Two days earlier Mohamed Nureldin Abdallah waited for the perfect shape as a train laden with celebrating people slowly approached him. Once you have finished enjoying the sweep of the national flags at the front of the train, you are led back, back and further back along the arc of the train’s carriages, all brimming with hundreds of people. A great feel-good picture. 

Sudanese civilians from other provinces ride on a train to join the celebrations of the signing of Sudan’s power sharing deal, that paves the way for a transitional government, and eventually elections following the overthrow of the long time leader Omar al-Bashir in Khartoum, Sudan August 17, 2019.   REUTERS/ Mohamed Nureldin Abdallah

A classic or a cliché? Either way there is no escaping the immediacy of Mohamed al-Sayaghi’s picture that consists almost entirely of eyes staring directly at you, the message on her head very bold. 

A follower of the Shi’ite Houthi group is seen with a headband as she celebrates Eid al-Ghadir, which marks a day Shi’ites believe Prophet Muhammad nominated his cousin, Imam Ali, to be his successor, in Sanaa, Yemen August 19, 2019,  REUTERS/ Mohamed al-Sayaghi
An emotional picture from Mohammed Salem as a mourner weeps and appears to stare into infinity as he is both comforted by and comforts a fellow mourner. The grey and blue colours give the image a cold feeling despite the warmth of the close hug. The figure drifting into the image from the left looks almost abstract as it appears like a shadow on the softly lit wall to the foreground moments before it will obscure the view of the mourners.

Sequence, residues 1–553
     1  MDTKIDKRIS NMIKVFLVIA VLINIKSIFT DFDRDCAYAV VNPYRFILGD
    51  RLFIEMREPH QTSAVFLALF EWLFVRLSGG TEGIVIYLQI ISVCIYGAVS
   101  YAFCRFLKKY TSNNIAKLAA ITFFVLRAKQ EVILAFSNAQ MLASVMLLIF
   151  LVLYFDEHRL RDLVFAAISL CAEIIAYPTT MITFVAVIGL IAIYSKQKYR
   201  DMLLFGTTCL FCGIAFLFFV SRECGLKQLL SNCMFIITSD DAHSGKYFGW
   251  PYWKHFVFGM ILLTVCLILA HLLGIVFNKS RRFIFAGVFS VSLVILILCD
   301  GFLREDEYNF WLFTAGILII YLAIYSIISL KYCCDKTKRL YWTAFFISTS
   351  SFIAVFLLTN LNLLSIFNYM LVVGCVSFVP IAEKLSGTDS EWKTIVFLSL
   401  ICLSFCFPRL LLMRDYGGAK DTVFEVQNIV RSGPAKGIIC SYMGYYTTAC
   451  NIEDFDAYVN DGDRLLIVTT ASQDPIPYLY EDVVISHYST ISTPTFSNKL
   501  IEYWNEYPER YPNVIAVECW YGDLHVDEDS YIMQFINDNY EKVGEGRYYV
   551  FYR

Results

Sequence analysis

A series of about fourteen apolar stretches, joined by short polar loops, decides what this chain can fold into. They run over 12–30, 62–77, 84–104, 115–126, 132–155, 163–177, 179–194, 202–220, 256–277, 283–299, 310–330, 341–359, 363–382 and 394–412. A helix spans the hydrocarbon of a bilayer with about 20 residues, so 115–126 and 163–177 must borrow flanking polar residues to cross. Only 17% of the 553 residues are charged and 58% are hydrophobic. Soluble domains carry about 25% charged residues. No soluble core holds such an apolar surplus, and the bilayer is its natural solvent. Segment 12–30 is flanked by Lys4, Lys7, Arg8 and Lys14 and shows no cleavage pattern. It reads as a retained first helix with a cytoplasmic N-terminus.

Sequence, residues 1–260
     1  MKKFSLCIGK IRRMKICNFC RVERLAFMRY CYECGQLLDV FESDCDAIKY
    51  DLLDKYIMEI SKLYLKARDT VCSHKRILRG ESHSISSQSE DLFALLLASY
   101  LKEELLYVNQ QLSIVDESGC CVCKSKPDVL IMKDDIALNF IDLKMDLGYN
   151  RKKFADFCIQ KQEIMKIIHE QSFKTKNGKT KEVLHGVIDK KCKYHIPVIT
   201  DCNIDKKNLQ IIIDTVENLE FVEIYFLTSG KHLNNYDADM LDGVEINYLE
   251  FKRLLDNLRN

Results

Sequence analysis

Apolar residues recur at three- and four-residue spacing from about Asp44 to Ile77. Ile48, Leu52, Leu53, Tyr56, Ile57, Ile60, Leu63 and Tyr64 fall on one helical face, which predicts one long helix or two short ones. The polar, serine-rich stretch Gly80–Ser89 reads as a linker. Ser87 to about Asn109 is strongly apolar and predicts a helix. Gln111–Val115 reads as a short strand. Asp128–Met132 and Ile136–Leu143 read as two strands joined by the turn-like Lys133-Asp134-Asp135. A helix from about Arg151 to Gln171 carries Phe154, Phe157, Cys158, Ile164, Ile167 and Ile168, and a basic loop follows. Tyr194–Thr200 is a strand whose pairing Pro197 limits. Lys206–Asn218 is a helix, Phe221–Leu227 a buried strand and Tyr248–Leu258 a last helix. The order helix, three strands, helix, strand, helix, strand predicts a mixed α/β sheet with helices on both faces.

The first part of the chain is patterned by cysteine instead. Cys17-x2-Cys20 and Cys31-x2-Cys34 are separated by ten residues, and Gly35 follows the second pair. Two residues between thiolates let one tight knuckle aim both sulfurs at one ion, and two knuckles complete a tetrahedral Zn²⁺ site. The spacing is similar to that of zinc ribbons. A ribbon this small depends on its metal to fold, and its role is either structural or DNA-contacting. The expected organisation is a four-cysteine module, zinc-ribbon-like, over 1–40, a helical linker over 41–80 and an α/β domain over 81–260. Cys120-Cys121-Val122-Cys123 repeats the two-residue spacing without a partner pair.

A relative of a Palestinian gunman who was killed by Israeli forces as he tried to cross the Gaza border, is hugged at a hospital in the northern Gaza strip August 18, 2019.   REUTERS/Mohammed Salem

Shooting pictures to match stories about the Egyptian economy, inflation, credit ratings, GDP etc is never easy but Hayam Adel’s picture caught my eye. It is simple and effective. It has every element needed to illustrate most aspects of the economy: a product, a transaction, money, a vendor and a consumer. The fact that Hayam has managed to get all these elements into one well-composed (I love that diagonal), well timed and softly lit image that is rich in colour makes it well worth drawing highlighting this week. Take the time to enjoy it.  

An Egyptian vendor holds his money at the fish market in Cairo, Egypt August 20, 2019.  REUTERS/Hayam Adel 

I can’t help but be attracted to Ronen Zvulun’s picture from the world of cyber security. He got lucky in so much as the subject in the picture is hiding his identity with a red hoodie and the office space is daubed with terrific graffiti, mostly blue. To surround the figure in black by shooting through a doorway is a clever move that builds on the luck he was handed by the situation and gives us the sense that we are intruding, a perfect sense for a picture on cyber security. Read on here.    

A man takes part in a training session at Cybergym, a cyber-warfare training facility backed by the Israel Electric Corporation, at their training centre in Hadera, Israel July 8, 2019.   REUTERS/Ronen Zvulun